In ordering Coinbase to produce these categories of documents, the court rejected the government’s broad request for “account opening records, copies of passports or driver’s licenses, all wallet addresses, all public keys for all accounts/wallets/vaults, records of Know-Your-Customer diligence, agreements or instructions granting a third-party access, control, or transaction approval authority, and correspondence between Coinbase and the account holder.” In rejecting the IRS’s request, the court left open the possibility that the government could get this information. The court explained that, if the government later determines it needs any of the excluded records in connection with its investigation of a particular taxpayer, it could issue a new summons to the taxpayer or to Coinbase seeking this information.

Whether or not Coinbase appeals this ruling, taxpayers should consult their tax advisors in determining whether they need to report any virtual currency transactions. Despite well-publicized resource limitations, the IRS is expanding its use of data analytics and demonstrating a commitment to determining whether taxpayers are using digital currency to commit tax avoidance. IRS Criminal Investigation Chief Don Fort recently announced two new programs focusing on data investigations and international tax enforcement (see IRS Criminal Investigation Chief plans new enforcement programs). Taxpayers should determine whether they have unreported taxable digital currency transactions, particularly given the recent and rapid appreciation of bitcoin.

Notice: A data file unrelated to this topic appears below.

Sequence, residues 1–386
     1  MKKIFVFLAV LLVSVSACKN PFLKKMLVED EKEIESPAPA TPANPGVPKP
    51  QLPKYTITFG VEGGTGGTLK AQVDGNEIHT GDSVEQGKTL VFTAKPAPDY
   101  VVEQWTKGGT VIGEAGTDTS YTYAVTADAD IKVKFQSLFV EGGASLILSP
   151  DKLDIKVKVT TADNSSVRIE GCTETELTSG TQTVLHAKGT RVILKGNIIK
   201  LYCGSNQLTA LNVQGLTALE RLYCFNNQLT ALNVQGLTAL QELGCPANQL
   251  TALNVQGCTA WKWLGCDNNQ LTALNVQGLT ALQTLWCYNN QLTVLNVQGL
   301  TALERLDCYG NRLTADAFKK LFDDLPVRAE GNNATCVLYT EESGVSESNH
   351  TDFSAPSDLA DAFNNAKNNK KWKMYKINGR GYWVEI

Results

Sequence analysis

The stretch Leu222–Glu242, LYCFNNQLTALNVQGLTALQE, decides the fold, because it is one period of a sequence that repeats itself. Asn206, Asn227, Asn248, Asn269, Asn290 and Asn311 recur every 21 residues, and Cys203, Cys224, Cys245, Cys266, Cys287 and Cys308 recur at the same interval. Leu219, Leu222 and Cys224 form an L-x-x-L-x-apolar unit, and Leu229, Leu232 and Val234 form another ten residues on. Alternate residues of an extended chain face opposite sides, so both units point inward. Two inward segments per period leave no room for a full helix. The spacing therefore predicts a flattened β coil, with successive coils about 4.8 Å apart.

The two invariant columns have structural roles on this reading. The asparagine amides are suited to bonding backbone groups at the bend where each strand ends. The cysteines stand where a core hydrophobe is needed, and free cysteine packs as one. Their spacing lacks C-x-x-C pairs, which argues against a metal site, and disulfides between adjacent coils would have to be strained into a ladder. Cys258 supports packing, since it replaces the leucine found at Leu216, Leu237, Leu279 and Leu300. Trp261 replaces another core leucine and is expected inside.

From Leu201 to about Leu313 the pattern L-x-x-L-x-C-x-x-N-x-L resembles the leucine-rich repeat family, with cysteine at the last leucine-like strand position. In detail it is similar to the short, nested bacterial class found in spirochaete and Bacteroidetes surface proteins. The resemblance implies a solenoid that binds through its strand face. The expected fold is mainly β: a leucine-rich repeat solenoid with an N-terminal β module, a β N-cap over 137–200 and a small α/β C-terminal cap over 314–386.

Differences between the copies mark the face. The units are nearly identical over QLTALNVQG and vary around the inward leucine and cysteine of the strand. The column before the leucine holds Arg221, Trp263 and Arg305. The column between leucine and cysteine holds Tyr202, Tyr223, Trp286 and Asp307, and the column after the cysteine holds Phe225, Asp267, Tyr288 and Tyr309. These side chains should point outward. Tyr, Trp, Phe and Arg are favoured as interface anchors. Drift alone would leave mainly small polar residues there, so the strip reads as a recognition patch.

Given the increasing focus of the government on virtual currency transactions, taxpayers who have ever owned virtual currency or digital tokens should consult their tax advisors to determine whether they have any reportable transactions, consider whether they should amend any prior filings that failed to disclose such transactions, and discuss any available disclosure options.

Taxpayers should also consider consulting their tax advisor in calculating any applicable virtual currency transaction tax liability. Such discussions should include, among other things, the taxpayer’s basis, any gains (or losses) the taxpayer may have incurred as a result of any such transaction (regardless of whether the taxpayer received a Form 1099 showing any taxable gain). Even if a taxpayer purchased bitcoin (or another virtual currency) after Dec. 31, 2015, taxpayers should still consult their tax advisor to determine whether they need to report any gains, especially given the rapid appreciation of bitcoin during 2017 and any resulting gains that may have resulted.

Furthermore, any business or third-party organization that currently transacts business using bitcoin or any other virtual currency should consult with a tax advisor to determine any information reporting or other withholding requirements related to these transactions, whether that reporting requirement needs to include the disclosure that the underlying transaction involved a virtual currency, and whether the business or third party is adequately tracking information related to its own virtual currency holdings.

Any possible review should also include situations where a business pays an independent contractor or employee in bitcoin (or other virtual currency) rather than fiat currency, such as U.S. dollars. While it has been more than a year since the IRS agreed it would revise applicable information reporting requirements that could implicate virtual currency transactions, businesses or other third-party organizations should not wait for the IRS to act. Instead, they should examine their own policies, procedures and internal controls to ensure they are complying with existing requirements, make any necessary changes and ensure they are in a position to quickly comply with any newly implemented changes.

Benjamin Tompkins

Benjamin Tompkins

Benjamin Tompkins is an attorney at Graves Garrett LLC. He is a former Assistant U.S. Attorney in Los Angeles and Department of Justice Tax Division Trial Attorney.